Elected officials, couple hundred volunteers fill sandbags in Hastings

"If it does rise to that 21-foot level, they will need our help."

Sloane Martin
March 23, 2019 - 2:33 pm
Sandbags are made by Governor Walz in Hastings



A couple hundred volunteers are working in Hastings to fill at least 10,000 sandbags in the event of serious flooding off the Mississippi River. More than a dozen churches rallied their congregations and folks from surrounding towns wanted to lend a hand.

"Amazing turnout," Rob Pasch said. "It's just been fabulous. We've had, I don't know what the numbers are, but I've never seen this large a group."

"I live on the high-ground so I'm very fortunate, but my neighbors will need help," Kathy Chernisky said. "We're here to help each other."

"Most of us live high and dry," Pastor Paris Pasch said. "These people recognize this is not about their need, it's about someone else's need. They were willing, eager to respond. It's really rewarding to see that kind of kindness bring extended toward folks they probably will never meet."

Gov. Tim Walz, Lt. Gov. Peggy Flanagan and Rep. Angie Craig also volunteered, using a shovel to get sand into bags from large heaps, where they're then tied up, put on a pallet and stockpiled. 

Governor Walz making sandbags in Hastings

Walz praised the coordination across state, federal and local officials in their effort to be over-prepared.

"There is going to be localized flooding regardless of what happens with the melt," he said. "The question is: will it be historic levels? So far we've dodged that and in preparation for that is making sure that the coordination and emegency management team has stood up."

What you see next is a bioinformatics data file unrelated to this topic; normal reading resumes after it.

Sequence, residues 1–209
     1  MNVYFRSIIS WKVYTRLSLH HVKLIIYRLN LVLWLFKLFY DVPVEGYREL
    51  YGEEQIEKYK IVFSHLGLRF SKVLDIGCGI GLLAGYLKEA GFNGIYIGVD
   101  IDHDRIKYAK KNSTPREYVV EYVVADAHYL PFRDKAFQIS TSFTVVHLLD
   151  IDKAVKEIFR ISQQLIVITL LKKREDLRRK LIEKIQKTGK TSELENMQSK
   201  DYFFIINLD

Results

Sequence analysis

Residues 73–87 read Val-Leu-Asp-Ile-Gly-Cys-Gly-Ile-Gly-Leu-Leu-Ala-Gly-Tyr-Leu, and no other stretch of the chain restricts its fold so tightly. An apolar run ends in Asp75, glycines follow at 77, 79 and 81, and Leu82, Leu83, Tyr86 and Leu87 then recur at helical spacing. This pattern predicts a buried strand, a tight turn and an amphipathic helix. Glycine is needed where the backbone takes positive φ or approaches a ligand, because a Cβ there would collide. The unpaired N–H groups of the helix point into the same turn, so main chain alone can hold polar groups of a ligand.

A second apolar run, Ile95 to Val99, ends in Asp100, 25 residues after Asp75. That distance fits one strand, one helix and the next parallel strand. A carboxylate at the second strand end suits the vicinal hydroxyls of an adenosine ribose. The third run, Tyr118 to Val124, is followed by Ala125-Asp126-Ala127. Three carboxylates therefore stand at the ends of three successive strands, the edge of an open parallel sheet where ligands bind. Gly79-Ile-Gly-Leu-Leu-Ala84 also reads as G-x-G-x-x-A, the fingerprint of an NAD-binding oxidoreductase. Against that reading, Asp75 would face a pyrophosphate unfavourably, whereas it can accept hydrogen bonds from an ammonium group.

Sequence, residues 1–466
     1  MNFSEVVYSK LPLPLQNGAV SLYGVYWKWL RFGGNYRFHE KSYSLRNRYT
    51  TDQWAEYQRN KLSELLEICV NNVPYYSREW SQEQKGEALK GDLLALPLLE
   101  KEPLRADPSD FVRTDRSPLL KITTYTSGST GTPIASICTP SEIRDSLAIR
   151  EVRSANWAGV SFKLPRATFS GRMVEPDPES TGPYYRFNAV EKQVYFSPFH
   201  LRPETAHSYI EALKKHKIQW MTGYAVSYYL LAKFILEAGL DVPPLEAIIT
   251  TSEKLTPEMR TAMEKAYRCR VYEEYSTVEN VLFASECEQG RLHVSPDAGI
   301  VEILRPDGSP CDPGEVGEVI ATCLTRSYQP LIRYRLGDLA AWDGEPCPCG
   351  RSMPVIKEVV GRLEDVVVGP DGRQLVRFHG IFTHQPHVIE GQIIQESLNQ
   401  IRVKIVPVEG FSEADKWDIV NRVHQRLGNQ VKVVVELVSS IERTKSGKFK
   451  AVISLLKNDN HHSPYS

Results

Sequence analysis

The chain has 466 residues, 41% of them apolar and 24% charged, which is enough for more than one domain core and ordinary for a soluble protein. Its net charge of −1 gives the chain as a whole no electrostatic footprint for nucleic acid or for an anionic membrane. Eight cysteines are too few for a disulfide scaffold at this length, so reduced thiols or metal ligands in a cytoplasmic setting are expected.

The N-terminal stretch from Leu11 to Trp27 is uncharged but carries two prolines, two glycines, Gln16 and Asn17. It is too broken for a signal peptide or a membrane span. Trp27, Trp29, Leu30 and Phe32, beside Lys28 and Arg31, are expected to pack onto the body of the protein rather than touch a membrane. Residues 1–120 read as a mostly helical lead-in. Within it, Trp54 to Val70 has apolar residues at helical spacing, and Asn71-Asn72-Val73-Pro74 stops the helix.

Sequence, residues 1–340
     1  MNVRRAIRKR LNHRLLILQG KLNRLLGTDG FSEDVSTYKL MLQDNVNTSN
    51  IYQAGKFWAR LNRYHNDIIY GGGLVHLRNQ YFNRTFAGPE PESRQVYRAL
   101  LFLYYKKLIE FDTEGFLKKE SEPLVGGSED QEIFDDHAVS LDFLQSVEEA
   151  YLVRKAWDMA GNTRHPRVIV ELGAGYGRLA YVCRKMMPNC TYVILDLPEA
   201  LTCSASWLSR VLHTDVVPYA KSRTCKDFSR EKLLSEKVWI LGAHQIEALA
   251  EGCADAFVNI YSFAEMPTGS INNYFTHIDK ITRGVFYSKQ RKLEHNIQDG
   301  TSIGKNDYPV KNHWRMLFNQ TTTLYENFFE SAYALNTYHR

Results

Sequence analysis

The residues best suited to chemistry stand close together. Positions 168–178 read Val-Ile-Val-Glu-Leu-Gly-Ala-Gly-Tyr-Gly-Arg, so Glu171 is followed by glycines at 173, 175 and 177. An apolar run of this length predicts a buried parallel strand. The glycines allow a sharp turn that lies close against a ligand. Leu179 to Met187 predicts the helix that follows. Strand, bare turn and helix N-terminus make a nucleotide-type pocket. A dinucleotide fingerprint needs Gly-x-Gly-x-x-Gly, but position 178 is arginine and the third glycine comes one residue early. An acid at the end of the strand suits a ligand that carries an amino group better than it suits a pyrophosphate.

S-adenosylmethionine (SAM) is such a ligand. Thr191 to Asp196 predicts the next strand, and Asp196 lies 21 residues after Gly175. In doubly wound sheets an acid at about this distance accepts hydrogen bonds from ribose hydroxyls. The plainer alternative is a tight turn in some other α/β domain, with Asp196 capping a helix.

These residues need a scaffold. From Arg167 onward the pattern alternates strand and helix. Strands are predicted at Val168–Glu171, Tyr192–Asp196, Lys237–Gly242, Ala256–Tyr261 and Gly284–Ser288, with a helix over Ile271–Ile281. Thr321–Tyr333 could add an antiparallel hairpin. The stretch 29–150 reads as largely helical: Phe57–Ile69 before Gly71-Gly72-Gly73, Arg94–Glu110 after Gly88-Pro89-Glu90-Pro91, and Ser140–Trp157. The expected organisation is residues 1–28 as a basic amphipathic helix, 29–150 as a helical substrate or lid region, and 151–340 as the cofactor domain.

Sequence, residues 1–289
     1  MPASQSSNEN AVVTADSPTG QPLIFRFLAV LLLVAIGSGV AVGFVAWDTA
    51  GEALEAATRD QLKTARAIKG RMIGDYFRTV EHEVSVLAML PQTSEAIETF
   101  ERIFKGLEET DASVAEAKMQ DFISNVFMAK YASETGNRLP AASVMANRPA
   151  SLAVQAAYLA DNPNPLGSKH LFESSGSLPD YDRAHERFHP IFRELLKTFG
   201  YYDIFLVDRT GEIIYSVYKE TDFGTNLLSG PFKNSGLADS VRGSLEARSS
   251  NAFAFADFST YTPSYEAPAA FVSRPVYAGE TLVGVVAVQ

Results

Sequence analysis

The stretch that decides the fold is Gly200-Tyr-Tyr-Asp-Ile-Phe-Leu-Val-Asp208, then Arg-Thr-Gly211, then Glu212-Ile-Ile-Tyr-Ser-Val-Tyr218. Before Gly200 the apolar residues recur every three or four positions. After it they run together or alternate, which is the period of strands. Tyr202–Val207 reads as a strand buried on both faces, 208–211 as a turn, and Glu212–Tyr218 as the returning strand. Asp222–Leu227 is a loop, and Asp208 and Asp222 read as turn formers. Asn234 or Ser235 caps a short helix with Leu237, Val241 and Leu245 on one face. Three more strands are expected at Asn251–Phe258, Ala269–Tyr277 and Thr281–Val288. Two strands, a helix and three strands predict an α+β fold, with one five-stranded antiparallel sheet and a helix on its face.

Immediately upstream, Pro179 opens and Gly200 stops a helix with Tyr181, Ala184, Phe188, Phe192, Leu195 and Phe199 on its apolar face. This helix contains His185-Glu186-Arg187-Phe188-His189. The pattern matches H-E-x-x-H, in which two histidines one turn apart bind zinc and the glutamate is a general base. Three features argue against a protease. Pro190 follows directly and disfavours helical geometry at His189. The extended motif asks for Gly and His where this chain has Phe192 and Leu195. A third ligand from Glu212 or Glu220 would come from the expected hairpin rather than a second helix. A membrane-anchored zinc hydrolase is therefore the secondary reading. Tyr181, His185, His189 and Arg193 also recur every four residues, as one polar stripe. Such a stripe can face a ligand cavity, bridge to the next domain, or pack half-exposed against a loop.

After big waves from Lake Superior badly damaged the Duluth shoreline last year, the disaster assistance contingency account is empty. 

State Rep. Tony Jurgens, who represents Hastings, says the legislature will step up to help.

RELATED: From Fargo-Moorhead to Hastings, flood preparations are underway

"We're trying to give [the governor] the funds that he needs to be able to react to these disasters whether we're in session, we're out of session, trying to get you $20 million so that you can respond if we need it," Jurgens said. "As we're looking at the river flowing now it's coming up about six to eight inches a day or more. It has been delayed a little bit, but the flood are still going to come."

State Sen. Karla Bigham says last week they passed a $10 million disaster relief bill out of the senate. 

Hastings Mayor Mary Fasbender says the sandbags will be used on the east side of Hastings where 11 houses are at risk. 

"They'll reach out to us when and if they need support from the city," she said. "As of the other day everyone felt they were content with their own self doing the needs, so if they need assistance, then they'll reach back out to us."

"This hasn't been their first time doing it so they know what to do. They're pretty much self-sufficient, but if it does rise to that 21-foot level, they will need our help."

Putting sand in bags in Hastings

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